Nonfungible tokens (NFTs) are digital assets with unique characteristics that cannot be easily swapped for another similar asset. With fungible coins like Bitcoin, any single BTC can easily be swapped for any other BTC and both coins will have the same value. Nonfungible tokens allow for tokenizing data in unique ways, allowing for many novel use cases including digital art, tickets and IDs, inventory tracking, music, and more.
An oracle is a name for intermediaries that provide real-world data to blockchains and decentralized applications. Blockchains are inherently limited to data contained within their own decentralized ledger; they have no way of “knowing” anything that goes on externally. Oracles expand blockchain use cases by bringing novel off-chain data from the real world. Examples include asset prices, event outcomes, weather data, inventory tracking, and random number generation.
Proof of Stake
Proof of Stake is a process where network users must “stake” some of their currency in order to become a validator and secure the network. Bad actors are punished by having their stake slashed, so users are financially incentivized into doing what is best for the network.
This process does not require much energy usage, typically less than 0.1% of the energy required by a proof of work consensus mechanism. This process is typically referred to as “staking.” Blockchains like Ethereum, Cardano, Polygon, and many more use some type of staking mechanism for their consensus mechanism.
Proof of Work
Proof of Work is a process where network validators must expend considerable energy solving mathematical puzzles in order to produce the next block for the entire blockchain. The node that solves the puzzle first gets to record the next block and is rewarded in cryptocurrency for doing so. All other nodes on the network can then validate that this work is correct. This process is typically referred to as “mining.”
Proof of work requires a large amount of energy, but this also makes the network extremely resilient to attack (an attacker would need to expend more energy to attack the network). Cryptocurrencies like Bitcoin, Litecoin, and Monero use proof of work.
Smart contracts are blocks of code that are published to the blockchain that users of that blockchain can interact with. Almost any code or app that can be programmed can be written as a smart contract and deployed on the blockchain.
Use cases of smart contracts include:
Blockchains with smart contract capabilities also have the power to issue independent tokens on that blockchain. One such type of token is stablecoins – digital currencies that are pegged to the price of a real-world currency or asset. Since many cryptocurrencies have highly volatile prices, stablecoins offer a predictable way to transact on these networks.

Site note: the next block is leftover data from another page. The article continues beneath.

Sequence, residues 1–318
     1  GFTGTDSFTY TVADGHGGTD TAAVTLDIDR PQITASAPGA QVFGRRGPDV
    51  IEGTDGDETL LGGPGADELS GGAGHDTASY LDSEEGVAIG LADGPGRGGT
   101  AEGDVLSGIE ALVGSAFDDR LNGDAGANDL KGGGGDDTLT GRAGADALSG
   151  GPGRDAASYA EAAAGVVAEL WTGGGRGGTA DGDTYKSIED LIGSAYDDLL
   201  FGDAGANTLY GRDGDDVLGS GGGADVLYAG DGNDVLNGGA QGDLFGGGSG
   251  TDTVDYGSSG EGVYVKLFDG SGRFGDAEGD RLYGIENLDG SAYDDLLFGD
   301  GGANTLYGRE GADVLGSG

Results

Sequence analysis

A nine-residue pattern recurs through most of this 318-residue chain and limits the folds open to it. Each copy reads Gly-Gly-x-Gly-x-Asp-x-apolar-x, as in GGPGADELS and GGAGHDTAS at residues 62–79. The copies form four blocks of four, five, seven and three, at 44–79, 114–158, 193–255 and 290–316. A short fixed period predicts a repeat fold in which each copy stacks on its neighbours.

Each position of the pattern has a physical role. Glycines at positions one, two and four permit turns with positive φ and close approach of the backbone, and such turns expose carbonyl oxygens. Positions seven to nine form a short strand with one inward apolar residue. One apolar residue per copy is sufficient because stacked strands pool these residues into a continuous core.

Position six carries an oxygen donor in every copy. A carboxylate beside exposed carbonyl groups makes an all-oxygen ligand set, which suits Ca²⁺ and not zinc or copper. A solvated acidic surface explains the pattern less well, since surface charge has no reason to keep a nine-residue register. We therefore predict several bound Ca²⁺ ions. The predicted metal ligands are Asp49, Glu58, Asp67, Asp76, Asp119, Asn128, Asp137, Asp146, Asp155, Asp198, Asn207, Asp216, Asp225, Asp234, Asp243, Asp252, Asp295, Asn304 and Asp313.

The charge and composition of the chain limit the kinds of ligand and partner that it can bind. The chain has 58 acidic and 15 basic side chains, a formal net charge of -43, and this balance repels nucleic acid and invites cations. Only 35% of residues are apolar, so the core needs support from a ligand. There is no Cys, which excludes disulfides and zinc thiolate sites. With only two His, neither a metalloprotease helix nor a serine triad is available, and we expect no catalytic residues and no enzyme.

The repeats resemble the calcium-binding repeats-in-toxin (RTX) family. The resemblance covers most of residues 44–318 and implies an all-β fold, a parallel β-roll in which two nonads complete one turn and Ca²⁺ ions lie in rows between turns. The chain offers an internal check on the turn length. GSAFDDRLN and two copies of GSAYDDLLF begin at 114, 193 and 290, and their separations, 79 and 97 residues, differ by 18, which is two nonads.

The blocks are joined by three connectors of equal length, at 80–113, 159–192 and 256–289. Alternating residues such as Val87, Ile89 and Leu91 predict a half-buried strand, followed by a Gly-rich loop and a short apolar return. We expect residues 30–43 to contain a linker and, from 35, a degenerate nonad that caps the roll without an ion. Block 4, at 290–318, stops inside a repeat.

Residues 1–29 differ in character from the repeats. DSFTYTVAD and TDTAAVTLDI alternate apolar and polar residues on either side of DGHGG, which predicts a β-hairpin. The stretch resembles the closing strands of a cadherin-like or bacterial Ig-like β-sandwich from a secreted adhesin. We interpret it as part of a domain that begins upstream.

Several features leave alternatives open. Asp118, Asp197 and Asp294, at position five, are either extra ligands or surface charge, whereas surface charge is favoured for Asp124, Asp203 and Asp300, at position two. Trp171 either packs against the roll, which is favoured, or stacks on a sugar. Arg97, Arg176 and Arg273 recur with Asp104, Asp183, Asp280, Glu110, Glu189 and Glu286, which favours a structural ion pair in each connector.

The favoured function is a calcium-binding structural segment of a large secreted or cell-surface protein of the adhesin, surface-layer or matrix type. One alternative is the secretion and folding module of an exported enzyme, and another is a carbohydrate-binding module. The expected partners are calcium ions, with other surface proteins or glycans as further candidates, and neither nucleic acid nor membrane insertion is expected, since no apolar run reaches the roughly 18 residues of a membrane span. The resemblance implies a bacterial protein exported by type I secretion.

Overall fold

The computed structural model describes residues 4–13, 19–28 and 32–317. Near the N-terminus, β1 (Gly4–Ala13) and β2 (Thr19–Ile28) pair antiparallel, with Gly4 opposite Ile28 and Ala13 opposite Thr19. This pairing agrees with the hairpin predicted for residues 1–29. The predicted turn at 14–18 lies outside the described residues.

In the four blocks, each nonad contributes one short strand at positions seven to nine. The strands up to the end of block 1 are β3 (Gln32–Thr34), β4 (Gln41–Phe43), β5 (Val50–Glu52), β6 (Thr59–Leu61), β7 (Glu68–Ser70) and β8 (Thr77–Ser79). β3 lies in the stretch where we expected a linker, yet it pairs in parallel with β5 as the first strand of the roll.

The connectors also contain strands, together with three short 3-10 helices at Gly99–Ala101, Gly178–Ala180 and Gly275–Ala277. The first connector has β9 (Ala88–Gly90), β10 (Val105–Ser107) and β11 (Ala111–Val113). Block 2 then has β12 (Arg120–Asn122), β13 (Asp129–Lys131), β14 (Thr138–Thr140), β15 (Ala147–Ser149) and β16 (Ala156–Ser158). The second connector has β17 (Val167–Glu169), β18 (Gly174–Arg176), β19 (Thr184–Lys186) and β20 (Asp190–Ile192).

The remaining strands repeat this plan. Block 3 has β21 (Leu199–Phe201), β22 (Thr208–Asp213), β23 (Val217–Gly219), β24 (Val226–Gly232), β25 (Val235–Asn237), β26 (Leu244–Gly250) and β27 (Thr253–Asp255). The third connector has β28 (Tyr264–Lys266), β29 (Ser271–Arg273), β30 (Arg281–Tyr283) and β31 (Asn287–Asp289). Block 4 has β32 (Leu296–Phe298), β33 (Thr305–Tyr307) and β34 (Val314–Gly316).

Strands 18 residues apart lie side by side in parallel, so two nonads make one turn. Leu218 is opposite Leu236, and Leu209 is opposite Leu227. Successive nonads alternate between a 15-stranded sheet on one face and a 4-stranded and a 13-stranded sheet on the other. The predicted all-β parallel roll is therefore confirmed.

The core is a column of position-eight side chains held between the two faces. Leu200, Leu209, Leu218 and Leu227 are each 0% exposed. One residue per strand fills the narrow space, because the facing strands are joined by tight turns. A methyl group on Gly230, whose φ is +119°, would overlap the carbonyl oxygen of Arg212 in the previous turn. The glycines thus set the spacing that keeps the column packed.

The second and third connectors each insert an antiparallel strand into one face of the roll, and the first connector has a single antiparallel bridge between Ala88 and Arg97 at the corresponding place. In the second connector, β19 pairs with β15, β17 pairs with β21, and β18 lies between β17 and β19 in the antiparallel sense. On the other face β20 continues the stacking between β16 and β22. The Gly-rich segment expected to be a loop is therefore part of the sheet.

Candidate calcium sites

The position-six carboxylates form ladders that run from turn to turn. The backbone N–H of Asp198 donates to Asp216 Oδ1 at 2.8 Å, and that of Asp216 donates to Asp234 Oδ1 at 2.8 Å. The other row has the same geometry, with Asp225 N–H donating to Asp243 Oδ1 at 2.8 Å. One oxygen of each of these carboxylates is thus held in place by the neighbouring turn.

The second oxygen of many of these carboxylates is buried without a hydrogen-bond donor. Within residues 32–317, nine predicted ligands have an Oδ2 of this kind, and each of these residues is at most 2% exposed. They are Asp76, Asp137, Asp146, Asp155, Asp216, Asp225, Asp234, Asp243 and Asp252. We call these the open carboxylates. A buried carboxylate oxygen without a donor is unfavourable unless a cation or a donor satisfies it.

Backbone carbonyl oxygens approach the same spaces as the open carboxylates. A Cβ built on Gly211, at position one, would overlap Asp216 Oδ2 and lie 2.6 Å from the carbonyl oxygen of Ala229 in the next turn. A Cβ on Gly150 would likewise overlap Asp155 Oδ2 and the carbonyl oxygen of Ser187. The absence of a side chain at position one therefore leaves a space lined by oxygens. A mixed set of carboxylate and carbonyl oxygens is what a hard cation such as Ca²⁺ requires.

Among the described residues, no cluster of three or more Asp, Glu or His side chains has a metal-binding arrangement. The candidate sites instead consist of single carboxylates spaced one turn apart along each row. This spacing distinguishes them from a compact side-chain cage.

Types of stablecoins include:
- Backed by USD and hard assets (centralized)
- Backed by other digital assets (decentralized)
- Algorithmic & free-floating (decentralized)
Tokens are digital assets issued on top of another blockchain. Tokens are not used to govern or pay fees on the underlying blockchain, but are used by DAPPs built on that blockchain. Types of tokens include:
- Utility tokens – tokens that perform a specific utility within a decentralized app
- Governance tokens – tokens that grant voting shares and/or profit sharing rights
- Payment tokens – tokens meant to facilitate payments and transfer of value (ie stablecoins)
Validator refers to the physical machines that secure and maintain a decentralized blockchain. For proof of work blockchains like BTC, a validator is an individual miner that runs the software and validates new blocks. For proof of stake blockchains, a validator is an individual staker that is running the software and validating new blocks. The more unique validators a chain has, the more decentralized it is. Hardware requirements to run a validator vary based on the blockchain, and are usually one of the main factors in how decentralized a blockchain is.
Virtual currencies are a type of digital currency, typically controlled by its creators and used and accepted among the members of a specific virtual community. One example would be the in-game currency you buy in Fortnite to purchase different “skins” you use while playing.
A wallet is a device that stores the private and public cryptographic keys for a user on a given blockchain. Wallets make it easier for users to send and receive funds, interact with smart contracts, and cryptographically sign information. Wallets can be software (run on a phone, computer, or browser), or hardware (physical devices connected through USB).